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Diamond Digest: Major League Baseball’s top story lines this week

The Giants celebrate in the clubhouse after clinching the second National League wild-card spot with their 7-1 win over the Los Angeles Dodgers in San Francisco on Sunday, Oct. 2, 2016.
The Giants celebrate in the clubhouse after clinching the second National League wild-card spot with their 7-1 win over the Los Angeles Dodgers in San Francisco on Sunday, Oct. 2, 2016. The Associated Press

Here are five interesting stories in baseball this week:

Wild-card matchups set

Since 2010, the Giants have been successful in even-numbered years, winning the World Series in ’10, ’12 and ’14.

With a 7-1 victory over the rival Los Angeles Dodgers on Sunday at AT&T Park, San Francisco earned a chance to try to continue that pattern.

The Giants send ace Madison Bumgarner to the mound to face Noah Syndergaard and the New York Mets at Citi Field on Wednesday in a one-game National League Wild-Card playoff. The Mets won the season series 4-3.

The last time the Giants reached the postseason, Bumgarner pitched a shutout over the Pirate in Pittsburgh in the wild-card game and later became the World Series MVP. So another cross-country flight to begin the playoffs was fine by them.

“I don’t think it bothers anybody that we go on the road to win these games. It’s actually a lot of fun,” first baseman Brandon Belt said. “With Bumgarner on the mound, we’re going to have a good shot.”

In the American League, the Toronto Blue Jays will host the American League East rival Baltimore Orioles on Tuesday. Toronto won the season series 10-9.

Boston to retire Ortiz’s number

The Boston Red Sox sent David Ortiz off before his final regular-season game.

Next year, the team will hang his No. 34 from the Fenway facade among the team’s retired numbers.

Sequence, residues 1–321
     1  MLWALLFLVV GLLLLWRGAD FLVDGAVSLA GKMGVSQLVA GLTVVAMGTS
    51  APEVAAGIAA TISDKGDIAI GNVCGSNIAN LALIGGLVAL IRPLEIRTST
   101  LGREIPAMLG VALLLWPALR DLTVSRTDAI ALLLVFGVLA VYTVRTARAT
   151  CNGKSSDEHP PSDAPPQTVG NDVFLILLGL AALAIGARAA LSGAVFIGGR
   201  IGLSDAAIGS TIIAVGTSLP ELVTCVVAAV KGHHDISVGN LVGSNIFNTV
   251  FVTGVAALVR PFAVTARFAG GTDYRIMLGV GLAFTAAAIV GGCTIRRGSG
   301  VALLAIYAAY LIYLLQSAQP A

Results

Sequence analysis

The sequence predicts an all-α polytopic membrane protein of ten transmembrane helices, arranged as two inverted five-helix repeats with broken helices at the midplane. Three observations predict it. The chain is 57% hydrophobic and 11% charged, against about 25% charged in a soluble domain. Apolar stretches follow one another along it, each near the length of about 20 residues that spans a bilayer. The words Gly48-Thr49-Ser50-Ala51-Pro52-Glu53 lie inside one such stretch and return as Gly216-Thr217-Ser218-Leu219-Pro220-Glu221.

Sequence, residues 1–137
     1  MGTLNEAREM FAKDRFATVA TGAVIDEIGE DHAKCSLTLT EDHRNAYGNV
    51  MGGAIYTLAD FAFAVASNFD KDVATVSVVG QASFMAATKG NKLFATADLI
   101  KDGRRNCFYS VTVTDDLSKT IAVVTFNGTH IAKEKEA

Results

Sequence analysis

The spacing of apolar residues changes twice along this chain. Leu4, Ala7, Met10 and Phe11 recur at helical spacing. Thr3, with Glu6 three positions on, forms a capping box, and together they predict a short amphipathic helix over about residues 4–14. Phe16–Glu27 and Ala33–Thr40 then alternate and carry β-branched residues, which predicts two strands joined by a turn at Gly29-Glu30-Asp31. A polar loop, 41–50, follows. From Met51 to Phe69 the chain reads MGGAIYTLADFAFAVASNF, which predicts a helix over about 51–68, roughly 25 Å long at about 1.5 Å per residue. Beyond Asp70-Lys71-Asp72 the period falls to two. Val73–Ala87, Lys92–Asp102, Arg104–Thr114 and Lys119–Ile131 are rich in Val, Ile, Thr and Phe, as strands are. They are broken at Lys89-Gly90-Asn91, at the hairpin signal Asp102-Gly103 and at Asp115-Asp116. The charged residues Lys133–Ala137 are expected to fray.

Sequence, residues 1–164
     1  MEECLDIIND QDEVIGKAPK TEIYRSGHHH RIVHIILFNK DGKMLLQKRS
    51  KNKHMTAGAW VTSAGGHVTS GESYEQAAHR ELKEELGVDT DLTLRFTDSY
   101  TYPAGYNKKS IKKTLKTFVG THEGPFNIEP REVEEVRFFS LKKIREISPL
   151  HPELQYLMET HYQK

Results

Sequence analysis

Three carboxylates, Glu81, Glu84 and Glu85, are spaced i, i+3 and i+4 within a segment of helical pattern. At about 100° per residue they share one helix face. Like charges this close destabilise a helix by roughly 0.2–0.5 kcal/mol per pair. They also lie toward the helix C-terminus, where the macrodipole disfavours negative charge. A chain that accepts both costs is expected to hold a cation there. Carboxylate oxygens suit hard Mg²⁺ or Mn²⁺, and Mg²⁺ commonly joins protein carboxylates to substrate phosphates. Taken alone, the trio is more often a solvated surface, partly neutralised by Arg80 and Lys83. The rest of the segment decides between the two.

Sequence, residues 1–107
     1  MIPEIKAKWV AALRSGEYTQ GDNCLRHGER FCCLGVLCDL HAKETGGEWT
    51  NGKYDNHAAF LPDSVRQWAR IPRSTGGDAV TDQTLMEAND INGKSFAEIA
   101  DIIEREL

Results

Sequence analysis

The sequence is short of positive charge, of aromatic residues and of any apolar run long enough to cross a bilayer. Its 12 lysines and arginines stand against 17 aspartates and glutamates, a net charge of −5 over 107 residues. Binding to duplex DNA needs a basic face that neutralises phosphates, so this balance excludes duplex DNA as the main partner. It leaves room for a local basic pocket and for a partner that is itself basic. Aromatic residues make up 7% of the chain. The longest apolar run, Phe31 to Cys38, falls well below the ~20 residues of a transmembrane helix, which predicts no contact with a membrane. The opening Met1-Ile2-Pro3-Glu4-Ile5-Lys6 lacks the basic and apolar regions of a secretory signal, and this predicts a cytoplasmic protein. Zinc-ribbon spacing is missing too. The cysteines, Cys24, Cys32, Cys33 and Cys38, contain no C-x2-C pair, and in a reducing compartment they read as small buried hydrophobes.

During a pregame ceremony Sunday attended by Red Sox greats like Carl Yastrzemski and teammates from Ortiz’s three World Series championships, the ballclub honored the soon-to-retire slugger by draping a Dominican flag over the Green Monster and bringing out his father to join him on the diamond.

Ortiz broke into tears when he mentioned his late mother before gathering himself to thank his teammates and members of the organization. He also thanked the fans and the media, and Major League Baseball Commissioner Rob Manfred and Dominican Republic President Danilo Medina, who were both in attendance.

“He changed the Red Sox,” Manfred said before the game. “He was a key part of the amazing three wins here. It changed the course of the franchise.

“But I also think that he changed the city. He became a symbol of the strength of the city and will always be remembered for that.”

Ortiz announced in November on his 40th birthday that this would be his final year, setting up a season-long farewell tour.

Turner turning it over to SunTrust

The Atlanta Braves played their final game at Turner Field on Sunday, ending a run that lasted a mere 20 seasons with a 1-0 victory over the Detroit Tigers. Next season the Braves will play at SunTrust Park, a new stadium in the suburbs, while Turner Field will carry on as the downsized home of Georgia State’s football team.